By 1969, about two-thirds of the nation’s waters were unfit for drinking, swimming, or fishing. In Ohio, the Cuyahoga River repeatedly caught fire, and Lake Erie was declared dead.
Today, two-thirds of American waters are considered safe for recreation, and Lake Erie is a popular sport fishery. But hundreds of Iowa waterways are “impaired,” and addressing pollution from dispersed small sources remains a problem.
The Clean Water Act, signed into law 40 years ago this week by President Richard Nixon, is behind the improvement and remains the basic tool for clean-water watchdogs, said Cedar Rapids attorney Wally Taylor.
“For 30 years I’ve been about the only environmental attorney in the state,” said Taylor. “It’s been a tough road, but I think we’re making some progress.
“When you look at the history, we’ve made huge strides,” said Bill Ehm, administrator of the environmental services division of the Iowa Department of Natural Resources. “The problems that we don’t have totally resolved, we’ve got mechanisms for.”
Meanwhile, the list of Iowa waters defined as “impaired” under the act continues to grow, to more than 400. The Act requires the DNR to submit the lists every two years.
The 2010 list includes the Mississippi, the Maquoketa, the Cedar, and the Iowa rivers, as well as dozens of smaller Eastern Iowa streams.
“I kind of reel at that sometimes,” said Ehm. “We don’t see those problems come from the point surfaces we used to. Our industries, our communities, are doing a good job on that.”
This summer, Taylor and the groups he represents convinced the federal government to order the DNR to improve regulation and monitoring of large livestock feedlots. States are charged under the Clean Water Act with enforcing its standards.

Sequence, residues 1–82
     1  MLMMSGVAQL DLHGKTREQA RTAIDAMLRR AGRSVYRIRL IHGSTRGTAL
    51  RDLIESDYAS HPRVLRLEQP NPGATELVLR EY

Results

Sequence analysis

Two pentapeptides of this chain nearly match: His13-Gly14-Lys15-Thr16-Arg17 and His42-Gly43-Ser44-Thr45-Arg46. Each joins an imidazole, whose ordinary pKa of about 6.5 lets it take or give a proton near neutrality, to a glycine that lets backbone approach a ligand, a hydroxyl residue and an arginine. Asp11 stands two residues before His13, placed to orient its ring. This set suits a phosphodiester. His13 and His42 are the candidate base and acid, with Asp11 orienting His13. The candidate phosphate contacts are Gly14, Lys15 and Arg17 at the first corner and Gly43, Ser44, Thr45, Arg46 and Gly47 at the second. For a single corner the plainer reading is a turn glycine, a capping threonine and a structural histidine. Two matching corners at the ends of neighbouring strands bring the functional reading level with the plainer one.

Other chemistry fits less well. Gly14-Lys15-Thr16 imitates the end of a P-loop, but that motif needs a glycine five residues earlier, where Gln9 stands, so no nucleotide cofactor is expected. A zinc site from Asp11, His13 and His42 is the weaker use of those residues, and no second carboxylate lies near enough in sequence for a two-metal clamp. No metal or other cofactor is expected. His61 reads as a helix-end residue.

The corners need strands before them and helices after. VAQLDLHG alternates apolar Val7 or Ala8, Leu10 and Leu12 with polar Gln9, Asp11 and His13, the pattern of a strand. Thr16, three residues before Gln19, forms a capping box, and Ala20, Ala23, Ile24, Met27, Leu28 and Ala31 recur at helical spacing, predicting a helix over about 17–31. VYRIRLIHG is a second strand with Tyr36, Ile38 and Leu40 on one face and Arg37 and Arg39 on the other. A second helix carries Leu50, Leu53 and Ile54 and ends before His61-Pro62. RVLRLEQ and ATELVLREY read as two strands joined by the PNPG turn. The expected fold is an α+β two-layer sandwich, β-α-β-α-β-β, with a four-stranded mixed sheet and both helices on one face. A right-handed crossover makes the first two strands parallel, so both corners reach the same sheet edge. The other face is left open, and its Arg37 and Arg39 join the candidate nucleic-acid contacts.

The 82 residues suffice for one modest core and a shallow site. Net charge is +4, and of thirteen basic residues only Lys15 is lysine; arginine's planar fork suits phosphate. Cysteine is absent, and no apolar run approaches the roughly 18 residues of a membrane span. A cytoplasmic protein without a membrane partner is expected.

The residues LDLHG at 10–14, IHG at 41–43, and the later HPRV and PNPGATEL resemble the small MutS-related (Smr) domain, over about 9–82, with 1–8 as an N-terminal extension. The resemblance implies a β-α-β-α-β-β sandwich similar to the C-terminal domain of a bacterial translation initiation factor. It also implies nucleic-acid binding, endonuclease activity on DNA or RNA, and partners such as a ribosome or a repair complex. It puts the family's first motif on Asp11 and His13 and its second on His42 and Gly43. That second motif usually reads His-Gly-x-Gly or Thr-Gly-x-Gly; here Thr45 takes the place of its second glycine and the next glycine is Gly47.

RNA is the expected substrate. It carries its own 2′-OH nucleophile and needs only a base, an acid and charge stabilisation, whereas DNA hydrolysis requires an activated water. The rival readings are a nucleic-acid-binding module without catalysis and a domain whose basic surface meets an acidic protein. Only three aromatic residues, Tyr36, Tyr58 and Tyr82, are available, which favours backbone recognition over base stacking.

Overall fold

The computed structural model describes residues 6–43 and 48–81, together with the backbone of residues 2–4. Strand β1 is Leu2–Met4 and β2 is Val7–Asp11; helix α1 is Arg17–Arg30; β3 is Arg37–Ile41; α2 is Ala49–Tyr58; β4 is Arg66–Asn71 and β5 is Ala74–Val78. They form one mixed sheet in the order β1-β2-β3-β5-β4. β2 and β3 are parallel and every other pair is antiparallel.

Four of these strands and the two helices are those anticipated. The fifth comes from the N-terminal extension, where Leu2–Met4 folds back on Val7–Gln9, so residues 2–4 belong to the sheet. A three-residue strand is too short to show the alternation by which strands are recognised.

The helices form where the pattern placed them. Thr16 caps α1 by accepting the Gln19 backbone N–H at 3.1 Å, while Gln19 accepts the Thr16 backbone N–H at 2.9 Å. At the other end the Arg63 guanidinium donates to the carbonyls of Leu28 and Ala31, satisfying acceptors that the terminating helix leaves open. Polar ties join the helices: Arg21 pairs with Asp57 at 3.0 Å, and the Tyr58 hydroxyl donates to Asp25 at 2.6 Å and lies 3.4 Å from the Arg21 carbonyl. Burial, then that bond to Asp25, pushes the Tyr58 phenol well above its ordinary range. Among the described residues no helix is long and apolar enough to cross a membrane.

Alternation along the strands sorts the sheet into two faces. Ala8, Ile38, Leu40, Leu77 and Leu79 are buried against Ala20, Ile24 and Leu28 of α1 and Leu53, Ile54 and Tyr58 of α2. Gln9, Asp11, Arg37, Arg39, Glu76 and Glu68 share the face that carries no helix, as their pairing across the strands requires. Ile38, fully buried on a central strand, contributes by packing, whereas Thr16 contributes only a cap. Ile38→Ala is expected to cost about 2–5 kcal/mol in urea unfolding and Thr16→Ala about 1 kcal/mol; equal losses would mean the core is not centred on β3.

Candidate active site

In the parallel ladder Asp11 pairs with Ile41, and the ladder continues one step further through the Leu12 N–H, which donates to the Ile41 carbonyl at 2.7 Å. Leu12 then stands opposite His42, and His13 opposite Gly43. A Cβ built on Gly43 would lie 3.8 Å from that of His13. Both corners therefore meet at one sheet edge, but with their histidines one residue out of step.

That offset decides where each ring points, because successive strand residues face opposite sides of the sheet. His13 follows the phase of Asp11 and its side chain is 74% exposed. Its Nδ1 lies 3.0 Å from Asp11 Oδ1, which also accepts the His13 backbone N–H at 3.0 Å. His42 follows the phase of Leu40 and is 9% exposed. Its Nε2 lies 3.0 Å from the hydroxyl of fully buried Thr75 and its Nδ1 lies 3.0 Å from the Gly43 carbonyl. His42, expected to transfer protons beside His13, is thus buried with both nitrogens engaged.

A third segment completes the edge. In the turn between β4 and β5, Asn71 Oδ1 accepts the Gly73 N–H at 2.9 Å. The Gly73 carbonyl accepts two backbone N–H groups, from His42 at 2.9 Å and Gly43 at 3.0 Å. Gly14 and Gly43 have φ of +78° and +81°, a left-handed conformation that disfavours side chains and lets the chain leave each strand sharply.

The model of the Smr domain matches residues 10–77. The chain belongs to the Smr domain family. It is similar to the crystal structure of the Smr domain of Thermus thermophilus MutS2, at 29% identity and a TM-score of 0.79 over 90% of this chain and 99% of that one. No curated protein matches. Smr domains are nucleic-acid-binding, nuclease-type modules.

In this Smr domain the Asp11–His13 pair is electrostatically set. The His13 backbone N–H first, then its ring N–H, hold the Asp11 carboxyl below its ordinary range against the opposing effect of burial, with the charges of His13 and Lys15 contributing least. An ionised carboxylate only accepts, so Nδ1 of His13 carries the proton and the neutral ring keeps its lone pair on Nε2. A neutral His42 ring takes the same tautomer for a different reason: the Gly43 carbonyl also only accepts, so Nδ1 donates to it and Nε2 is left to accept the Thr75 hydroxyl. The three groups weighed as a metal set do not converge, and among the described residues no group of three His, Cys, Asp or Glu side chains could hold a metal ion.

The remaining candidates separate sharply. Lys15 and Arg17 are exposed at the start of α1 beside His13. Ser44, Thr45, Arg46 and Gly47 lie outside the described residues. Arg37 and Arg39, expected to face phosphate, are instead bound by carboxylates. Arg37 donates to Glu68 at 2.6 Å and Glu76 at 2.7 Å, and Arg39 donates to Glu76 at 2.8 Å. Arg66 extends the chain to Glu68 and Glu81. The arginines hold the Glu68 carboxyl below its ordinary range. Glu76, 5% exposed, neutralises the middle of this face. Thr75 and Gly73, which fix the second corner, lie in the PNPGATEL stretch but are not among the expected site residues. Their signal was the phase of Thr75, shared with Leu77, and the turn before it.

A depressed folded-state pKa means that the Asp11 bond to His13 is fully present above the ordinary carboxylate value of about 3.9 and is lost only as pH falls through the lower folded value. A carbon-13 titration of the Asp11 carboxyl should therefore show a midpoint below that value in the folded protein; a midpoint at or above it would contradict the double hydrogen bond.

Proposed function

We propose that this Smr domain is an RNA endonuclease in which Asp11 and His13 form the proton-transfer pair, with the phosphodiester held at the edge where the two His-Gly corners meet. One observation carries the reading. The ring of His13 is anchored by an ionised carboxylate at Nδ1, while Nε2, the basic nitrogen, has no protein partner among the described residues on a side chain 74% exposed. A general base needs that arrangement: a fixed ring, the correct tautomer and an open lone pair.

“The Clean Water Act doesn’t apply as well as it should to the large animal confinement operations,” said Taylor. “Back in 1972 they really didn’t have a handle on that.”
Point-source pollution, the kind released by facilities such as industries and municipal sewage treatment plants, was relatively simple to identify and address, often with funding provided by the act. Non-point source pollution, from sources such as farms, feedlots, and even homeowners’ lawns, is proving tougher to get a handle on.
“The issue now is with non-point sources,” said Ehm. “Those same mechanisms don’t really lend themselves to the non-point sources.”
“It’s due in large part to the large area that agriculture really occupies in our state,” said Susan Heathcote, water program director for the Iowa Environmental Council. “The pollutants that come off the land are really the ones we don’t have such good standards for.”
Responding to a petition filed by Taylor, the federal Environmental Protection Agency found the state DNR hasn’t adequately enforced Clean Water Act standards applying to feedlots with 1,000 or more animals.
The DNR has submitted proposed regulations to the federal agency, which is taking public comment on them through the end of October. Ehm hopes to have final rules by early next year.
Rick Robinson, environmental policy adviser for the Iowa Farm Bureau, said 20-year tracking studies show lower levels of nitrates and other pollutants in rural well water, evidence that conservation efforts are working.
“They’re longer-term trends, is the point, and we have made progress,” Robinson said. “There are still things that can be improved on. We can make better progress but we’re going to have to target our resources.”
Ehm said resources are part of the problem, and the state’s plan to meet the federal goals includes hiring more staff to monitor water conditions and enforce standards. By the Environmental Council’s count, that staff has dwindled from 23 in 2007 to nine this year.
“It’s like an athletic contest,” said Taylor. “You have competition like the free market and businesses competing with each other, but there are rules to the game and umpires and referees to make sure the game is fair.”
IOWA IMPAIRED WATERS
Source: Iowa Department of Natural Resources